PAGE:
The Chapel Hill Public Library’s Neurodiversity and Nature initiative is providing neurodivergent youth and adults with sensory learning activities this summer.
The initiative, which launched in March, began when the library received a grant from the Institute of Museum and Library Services in 2022. Now, the initiative connects the library and the community it serves with sensory-specific tools and activities.
This grant provided Chapel Hill Public Library with funding to create the sensory kits and implement sensory furniture and start a sensory garden, Hannah Olson, the library's marketing and communications coordinator, said.
“We have been getting good circulation on the kits, so people have been checking them out, using them, they’re excited about them,” she said.
The library held its first sensory storytime in June, which the library will continue to offer every month, Krystal Black, the library's youth and family outreach coordinator, said.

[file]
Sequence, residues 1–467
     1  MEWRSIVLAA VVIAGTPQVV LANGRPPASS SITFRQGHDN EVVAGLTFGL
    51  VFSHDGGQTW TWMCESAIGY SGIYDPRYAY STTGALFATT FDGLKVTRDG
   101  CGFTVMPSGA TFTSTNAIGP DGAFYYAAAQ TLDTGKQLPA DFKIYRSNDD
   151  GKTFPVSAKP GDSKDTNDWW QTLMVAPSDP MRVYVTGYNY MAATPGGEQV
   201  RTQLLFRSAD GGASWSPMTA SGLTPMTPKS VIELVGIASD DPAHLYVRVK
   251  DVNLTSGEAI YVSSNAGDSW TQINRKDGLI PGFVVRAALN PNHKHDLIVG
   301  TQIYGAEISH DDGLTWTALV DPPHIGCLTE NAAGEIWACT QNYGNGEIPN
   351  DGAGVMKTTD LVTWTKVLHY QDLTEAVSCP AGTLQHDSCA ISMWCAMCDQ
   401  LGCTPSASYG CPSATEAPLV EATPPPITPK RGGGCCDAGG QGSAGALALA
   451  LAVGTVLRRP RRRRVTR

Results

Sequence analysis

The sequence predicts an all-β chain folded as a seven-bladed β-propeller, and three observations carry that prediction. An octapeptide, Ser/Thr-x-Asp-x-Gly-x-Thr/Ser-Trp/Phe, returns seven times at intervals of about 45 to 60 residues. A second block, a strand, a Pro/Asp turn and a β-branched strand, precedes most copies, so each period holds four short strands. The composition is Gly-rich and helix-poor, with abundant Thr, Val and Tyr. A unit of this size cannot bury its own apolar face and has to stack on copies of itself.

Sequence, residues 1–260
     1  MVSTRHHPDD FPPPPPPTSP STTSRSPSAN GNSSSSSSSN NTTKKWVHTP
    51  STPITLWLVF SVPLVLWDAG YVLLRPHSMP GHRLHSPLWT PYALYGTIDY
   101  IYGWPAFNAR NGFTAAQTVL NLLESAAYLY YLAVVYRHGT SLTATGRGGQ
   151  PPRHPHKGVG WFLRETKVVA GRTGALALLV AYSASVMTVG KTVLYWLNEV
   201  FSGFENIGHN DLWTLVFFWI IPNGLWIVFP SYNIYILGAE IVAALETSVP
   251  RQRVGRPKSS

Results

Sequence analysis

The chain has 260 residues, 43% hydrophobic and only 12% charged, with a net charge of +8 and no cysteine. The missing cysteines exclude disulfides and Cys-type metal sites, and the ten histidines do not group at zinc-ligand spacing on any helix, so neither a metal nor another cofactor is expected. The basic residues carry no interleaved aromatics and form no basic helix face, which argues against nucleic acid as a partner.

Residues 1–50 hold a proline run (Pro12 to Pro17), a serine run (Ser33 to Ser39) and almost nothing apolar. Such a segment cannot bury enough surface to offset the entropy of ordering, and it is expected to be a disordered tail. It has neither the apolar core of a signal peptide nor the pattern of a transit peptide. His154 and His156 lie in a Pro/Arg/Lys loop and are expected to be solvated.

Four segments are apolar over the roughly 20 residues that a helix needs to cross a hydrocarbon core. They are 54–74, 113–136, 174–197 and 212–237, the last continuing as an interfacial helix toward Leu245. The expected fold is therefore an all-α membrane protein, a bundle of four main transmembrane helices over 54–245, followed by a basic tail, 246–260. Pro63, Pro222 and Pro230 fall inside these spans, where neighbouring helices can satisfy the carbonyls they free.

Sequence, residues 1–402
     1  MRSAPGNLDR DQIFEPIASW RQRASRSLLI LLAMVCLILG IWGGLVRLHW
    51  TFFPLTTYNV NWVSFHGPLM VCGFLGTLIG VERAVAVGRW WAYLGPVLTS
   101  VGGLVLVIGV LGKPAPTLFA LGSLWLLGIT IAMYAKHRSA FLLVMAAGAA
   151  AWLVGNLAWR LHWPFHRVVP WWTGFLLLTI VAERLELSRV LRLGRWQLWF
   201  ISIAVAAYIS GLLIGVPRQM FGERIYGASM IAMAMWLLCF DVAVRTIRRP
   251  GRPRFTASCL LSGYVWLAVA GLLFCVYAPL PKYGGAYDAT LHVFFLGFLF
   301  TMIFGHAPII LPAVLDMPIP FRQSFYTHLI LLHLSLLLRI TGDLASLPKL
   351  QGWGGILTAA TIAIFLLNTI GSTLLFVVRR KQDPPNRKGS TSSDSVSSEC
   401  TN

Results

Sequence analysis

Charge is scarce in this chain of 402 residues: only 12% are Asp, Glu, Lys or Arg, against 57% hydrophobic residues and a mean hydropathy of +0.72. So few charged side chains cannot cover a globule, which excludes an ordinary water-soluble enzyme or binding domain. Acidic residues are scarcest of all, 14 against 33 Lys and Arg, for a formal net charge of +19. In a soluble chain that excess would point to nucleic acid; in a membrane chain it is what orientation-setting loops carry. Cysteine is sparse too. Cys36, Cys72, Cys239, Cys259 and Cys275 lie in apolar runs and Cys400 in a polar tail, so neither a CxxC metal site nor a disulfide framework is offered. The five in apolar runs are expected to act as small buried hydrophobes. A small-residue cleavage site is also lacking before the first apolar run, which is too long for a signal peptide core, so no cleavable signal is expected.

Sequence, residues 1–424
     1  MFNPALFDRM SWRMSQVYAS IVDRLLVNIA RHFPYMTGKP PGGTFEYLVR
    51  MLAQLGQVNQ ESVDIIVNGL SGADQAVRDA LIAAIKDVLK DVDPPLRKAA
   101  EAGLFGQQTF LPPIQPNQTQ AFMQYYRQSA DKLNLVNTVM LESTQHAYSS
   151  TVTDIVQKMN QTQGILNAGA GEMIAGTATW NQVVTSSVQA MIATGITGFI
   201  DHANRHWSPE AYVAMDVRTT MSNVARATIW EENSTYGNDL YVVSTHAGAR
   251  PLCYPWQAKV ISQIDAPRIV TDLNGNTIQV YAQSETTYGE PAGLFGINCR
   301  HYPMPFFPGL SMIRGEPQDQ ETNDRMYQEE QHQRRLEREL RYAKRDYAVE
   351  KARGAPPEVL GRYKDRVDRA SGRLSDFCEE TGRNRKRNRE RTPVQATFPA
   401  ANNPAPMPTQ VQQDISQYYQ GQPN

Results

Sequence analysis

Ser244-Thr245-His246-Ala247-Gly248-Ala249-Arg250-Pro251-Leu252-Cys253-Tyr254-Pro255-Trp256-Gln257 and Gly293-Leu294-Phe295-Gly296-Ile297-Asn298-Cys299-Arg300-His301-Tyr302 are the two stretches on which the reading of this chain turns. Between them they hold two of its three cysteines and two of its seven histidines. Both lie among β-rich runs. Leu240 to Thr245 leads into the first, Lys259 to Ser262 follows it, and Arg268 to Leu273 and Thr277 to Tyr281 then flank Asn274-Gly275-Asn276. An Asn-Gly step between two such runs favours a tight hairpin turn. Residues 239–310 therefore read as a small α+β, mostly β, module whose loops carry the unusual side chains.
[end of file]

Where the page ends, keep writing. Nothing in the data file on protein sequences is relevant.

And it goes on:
“I did get some very positive feedback from one of the families who stuck around to let me know that it was something that they really enjoyed,” she said. “They saw that their daughter had a good time and it was something they were going to come to as much as they could.”
Black said the library’s regular early literacy storytimes are very popular and they can sometimes be crowded, loud and chaotic.
“Families who have kids who are neurodivergent might not feel like that’s the best match for what they need,” she said.
Osly Galobardi, a local clinical mental health counselor, said a lot of neurodivergent people like to stim in overwhelming or overstimulating environments. She said stimming is a repetitive behavior that is usually self-soothing.